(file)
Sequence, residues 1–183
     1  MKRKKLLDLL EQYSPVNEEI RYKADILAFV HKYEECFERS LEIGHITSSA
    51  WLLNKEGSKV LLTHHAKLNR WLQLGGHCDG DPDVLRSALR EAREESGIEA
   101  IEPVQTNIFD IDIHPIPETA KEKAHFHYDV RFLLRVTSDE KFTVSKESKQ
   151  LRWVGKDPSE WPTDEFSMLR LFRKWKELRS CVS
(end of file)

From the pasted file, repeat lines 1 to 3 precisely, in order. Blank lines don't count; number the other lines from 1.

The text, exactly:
Sequence, residues 1–183
     1  MKRKKLLDLL EQYSPVNEEI RYKADILAFV HKYEECFERS LEIGHITSSA
    51  WLLNKEGSKV LLTHHAKLNR WLQLGGHCDG DPDVLRSALR EAREESGIEA